How Does the Federal Government Spend?

Most all of us at one time or another have complained or at least wondered about how the feds spend our hard earned tax money. We’ve all heard irritating stories about the Pentagon spending absurd amounts on mundane objects (here is an old LA Times article from 1986 on the topic of overspending in the Pentagon in particular mentioning a $7,622 coffee maker), pondered how the president spends his vacation time or had concerns about some other use of the public coffers that may be wasteful. After all, we don’t want our money spent frivolously or for some unethical government contractor to take advantage of such a huge, difficult to manage entity as the budget of the United States.

That’s where www.usaspending.gov/  comes in. As billed by the site itself: “USAspending.gov is the publicly accessible, searchable website mandated by the Federal Funding Accountability and Transparency Act of 2006 to give the American public access to information on how their tax dollars are spent.”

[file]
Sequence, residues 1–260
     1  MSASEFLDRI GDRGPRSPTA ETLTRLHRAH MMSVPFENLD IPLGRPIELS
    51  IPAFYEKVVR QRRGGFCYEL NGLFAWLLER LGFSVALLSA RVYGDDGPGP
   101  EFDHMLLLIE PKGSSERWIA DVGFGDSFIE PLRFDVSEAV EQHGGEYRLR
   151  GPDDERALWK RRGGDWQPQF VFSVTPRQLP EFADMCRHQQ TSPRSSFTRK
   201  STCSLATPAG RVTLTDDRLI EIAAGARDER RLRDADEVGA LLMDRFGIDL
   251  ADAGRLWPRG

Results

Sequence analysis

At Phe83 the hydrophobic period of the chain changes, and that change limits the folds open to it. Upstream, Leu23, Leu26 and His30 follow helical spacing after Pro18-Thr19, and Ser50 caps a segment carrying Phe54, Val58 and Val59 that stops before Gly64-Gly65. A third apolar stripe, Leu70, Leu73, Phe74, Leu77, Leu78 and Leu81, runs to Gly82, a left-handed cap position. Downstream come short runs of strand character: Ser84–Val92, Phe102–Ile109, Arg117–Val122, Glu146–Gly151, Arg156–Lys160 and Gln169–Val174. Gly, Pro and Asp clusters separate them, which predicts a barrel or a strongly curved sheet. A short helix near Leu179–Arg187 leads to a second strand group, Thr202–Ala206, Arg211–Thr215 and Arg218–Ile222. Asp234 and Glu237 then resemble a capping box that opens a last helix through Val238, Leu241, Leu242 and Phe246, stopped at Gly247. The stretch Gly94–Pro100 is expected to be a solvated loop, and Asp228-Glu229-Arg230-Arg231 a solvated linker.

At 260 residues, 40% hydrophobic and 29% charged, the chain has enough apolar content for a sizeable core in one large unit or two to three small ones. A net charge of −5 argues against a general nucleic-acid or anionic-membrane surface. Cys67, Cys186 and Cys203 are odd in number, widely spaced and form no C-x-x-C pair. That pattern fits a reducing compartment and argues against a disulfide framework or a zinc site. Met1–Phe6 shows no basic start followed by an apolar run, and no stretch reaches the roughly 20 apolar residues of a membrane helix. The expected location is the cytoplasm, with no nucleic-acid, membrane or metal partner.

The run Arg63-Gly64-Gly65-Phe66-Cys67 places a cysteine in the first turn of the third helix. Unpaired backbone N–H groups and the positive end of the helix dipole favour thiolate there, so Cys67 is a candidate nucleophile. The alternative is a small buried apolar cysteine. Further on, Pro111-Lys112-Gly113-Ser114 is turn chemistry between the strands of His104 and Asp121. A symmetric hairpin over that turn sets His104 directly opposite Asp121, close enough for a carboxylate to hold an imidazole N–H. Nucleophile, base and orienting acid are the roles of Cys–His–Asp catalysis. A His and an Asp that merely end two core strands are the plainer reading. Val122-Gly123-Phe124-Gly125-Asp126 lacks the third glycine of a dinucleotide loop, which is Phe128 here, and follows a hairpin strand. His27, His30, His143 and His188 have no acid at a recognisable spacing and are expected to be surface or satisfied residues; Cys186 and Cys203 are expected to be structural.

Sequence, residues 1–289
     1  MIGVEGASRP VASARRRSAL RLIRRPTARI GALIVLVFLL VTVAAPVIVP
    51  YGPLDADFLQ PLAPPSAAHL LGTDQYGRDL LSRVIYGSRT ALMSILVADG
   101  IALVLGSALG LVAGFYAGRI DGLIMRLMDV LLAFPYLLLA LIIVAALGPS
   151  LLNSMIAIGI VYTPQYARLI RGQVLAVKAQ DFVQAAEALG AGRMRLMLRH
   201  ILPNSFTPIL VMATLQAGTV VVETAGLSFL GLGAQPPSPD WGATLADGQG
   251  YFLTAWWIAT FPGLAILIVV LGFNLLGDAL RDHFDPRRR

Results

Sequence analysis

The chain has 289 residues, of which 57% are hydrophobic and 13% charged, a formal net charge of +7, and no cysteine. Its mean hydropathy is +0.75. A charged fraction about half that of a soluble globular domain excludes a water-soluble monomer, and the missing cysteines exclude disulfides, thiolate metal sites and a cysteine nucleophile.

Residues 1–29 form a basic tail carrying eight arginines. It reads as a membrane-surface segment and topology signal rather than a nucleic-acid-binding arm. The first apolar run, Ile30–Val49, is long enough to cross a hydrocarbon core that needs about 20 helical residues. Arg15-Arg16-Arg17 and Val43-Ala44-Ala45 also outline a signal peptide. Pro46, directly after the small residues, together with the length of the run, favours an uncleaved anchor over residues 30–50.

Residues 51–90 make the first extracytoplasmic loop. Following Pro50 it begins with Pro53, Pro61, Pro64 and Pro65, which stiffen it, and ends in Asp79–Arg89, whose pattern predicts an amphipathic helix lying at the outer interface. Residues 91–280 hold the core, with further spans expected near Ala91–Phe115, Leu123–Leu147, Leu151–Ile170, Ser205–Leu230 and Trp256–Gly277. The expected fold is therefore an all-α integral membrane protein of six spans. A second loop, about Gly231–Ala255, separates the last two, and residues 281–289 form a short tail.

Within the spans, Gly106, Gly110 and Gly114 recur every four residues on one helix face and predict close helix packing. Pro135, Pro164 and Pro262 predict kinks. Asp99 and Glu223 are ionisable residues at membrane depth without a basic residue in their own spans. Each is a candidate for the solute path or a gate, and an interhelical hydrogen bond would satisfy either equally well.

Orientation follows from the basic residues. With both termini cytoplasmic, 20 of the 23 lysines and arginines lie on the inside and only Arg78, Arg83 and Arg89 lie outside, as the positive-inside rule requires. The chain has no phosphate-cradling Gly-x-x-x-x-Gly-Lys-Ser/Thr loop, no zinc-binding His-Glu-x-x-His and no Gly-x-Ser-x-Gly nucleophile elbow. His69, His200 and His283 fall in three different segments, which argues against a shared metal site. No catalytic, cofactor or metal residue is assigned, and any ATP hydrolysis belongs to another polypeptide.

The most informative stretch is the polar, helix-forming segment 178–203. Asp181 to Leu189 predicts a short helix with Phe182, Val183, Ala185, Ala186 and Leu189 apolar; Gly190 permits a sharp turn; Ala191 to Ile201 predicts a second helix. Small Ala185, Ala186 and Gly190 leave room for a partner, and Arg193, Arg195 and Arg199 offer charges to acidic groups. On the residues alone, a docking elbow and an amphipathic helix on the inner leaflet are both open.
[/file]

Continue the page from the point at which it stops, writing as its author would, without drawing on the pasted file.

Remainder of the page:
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Masthead

So you can check on this information in multiple ways. As one example, you may see how much money is spent in the state of Tennessee.

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State of Tennessee

It can be broken down in various ways as well. As can be seen here Davidson County receives well more than 1/3 of the just over $40 billion allocated to the state for Fiscal Year 2017, with a figure of $15,351,958,126. The next county, Shelby, receives $1,620,940,881, and is the only other county to receive $1 Billion or more.

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TN County Breakdown

 

 

There are many more ways to look up information beyond state by state breakdown. This site is just waiting for your curious fingers to enter new search terms or click on the numerous links on the site.

All you ever wanted to know about government spending but were too afraid to ask.